As the rain began to fall last Friday morning, men standing at the 7-Eleven on the corner of Alabama Drive and Elden Street looked for cover.
Some stood under a florescent light that hung along the side of the building, it offered little protection. Others ran to nearby trees, while some went home, giving up for the day.
Realizing they had no other chance for work, the majority of the men stayed on site, letting the rain soak their heavy construction clothes.
This is a common occurrence at what has become the town's unofficial day-labor gathering site. Men looking for work have nowhere to go for protection if the weather takes a turn for the worse.
But, with the approval of a regulated day-labor site last week by the Town Council, the men know it will not be long before they have adequate protection against the elements.
"In the winter, here we crawl up on big mounds of snow so we suffer a great deal from the cold," said Eviltrudis Aguilera, a Herndon resident who has found work at the 7-Eleven for the last three years, through translation by Jorge Rochac.
"The new site location will be much better," said the Honduran native. "There will be bathrooms near by, here we don't have facilities of any kind."
The men on-site are also excited for the opportunity to prove stereotypes wrong and show the community they are committed to making this work, said Nery Vargas also a native of Honduras, through translation.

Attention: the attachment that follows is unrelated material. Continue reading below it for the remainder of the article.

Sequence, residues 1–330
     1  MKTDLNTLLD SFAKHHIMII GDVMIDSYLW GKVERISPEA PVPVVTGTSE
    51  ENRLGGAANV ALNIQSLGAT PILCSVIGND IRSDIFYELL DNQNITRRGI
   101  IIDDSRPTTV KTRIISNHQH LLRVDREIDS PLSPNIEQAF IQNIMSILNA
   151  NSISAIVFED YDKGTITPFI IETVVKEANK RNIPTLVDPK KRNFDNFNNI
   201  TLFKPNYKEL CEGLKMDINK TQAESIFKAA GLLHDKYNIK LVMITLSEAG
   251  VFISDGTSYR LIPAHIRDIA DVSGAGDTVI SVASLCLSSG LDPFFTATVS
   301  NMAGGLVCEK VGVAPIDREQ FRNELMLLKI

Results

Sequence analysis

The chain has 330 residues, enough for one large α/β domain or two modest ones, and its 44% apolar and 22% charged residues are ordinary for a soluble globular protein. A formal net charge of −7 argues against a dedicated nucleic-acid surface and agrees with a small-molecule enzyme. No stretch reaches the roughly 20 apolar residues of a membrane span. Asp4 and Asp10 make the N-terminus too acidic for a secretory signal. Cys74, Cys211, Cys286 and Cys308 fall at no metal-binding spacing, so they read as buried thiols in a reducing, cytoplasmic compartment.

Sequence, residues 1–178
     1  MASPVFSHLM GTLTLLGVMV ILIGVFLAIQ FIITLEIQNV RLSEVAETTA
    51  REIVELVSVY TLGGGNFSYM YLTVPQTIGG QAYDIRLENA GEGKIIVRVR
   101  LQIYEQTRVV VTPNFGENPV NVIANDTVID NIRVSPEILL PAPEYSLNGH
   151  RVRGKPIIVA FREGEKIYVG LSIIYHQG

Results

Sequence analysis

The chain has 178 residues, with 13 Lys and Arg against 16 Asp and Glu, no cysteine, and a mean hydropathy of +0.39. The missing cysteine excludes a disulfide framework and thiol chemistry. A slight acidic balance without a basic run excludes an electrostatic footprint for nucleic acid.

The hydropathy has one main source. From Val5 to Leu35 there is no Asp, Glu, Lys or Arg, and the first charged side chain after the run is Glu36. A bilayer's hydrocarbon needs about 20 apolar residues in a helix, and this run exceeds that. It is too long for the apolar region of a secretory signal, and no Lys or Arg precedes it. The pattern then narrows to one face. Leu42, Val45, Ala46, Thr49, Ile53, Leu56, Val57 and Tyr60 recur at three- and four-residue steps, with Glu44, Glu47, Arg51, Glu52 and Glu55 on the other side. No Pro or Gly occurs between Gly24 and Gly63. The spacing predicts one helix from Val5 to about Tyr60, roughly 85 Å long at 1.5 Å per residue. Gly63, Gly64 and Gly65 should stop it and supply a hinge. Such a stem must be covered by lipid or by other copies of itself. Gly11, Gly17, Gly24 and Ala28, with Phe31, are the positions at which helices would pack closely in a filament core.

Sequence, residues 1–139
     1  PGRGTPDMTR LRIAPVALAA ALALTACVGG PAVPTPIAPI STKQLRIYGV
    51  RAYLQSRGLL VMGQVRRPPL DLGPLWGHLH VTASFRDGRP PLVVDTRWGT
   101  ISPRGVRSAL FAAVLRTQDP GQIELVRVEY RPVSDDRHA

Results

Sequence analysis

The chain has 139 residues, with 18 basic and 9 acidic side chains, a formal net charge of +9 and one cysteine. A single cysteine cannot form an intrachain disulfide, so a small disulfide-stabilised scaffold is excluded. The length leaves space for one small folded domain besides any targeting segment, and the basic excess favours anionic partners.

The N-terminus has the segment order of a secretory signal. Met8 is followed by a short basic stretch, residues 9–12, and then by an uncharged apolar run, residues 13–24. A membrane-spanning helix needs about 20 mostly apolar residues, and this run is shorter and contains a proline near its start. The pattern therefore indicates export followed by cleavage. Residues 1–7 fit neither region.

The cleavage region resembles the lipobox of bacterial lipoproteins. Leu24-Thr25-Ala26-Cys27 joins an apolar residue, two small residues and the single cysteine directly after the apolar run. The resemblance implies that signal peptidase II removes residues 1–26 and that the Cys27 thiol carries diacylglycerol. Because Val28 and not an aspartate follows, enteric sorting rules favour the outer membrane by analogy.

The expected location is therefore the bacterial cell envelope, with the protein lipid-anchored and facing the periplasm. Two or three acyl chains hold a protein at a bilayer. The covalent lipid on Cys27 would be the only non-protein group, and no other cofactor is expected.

"I am happy, very, very happy," he said about the council's decision. "We have been fighting for this because we want to work."
AFTER HEARING TWO days' worth of public testimony, the Town Council voted 5-2, with members Ann Null and Dennis Husch opposing, to approve an application for a regulated day-labor pickup site to be run in town.
Submitted by Project Hope and Harmony, a group comprised of Herndon residents, faith-based and nonprofit organizations wanting to create a better solution for the current day-labor situation, the application became national news.
Currently residents looking for day work unofficially gather at the 7-Eleven on the corner of Alabama Drive and Elden Street in Herndon. Neighbors of the unofficial site have complained about trespassing, litter and other nuisance crimes and safety issues that they feel are associated with the site. Others have expressed concerns about entering the parking lot for fear workers will come up to their car seeking employment.
Because of these concerns, in addition to wanting to give the workers a safe place to find work, the group proposed turning the parking lot of the now vacated, former Herndon Police Station into a regulated pickup site.
When the application was made public through the town's governmental process, residents came forward listing many reasons for their opposition or support of a regulated site in town.
"There are those who say 'if you build it they will come'," said Council Member Carol Bruce at the end of the Aug. 17 public hearing. "I say we've built nothing and they're here."
With the approval of the application, order can be placed on a currently unorganized situation, said Bruce.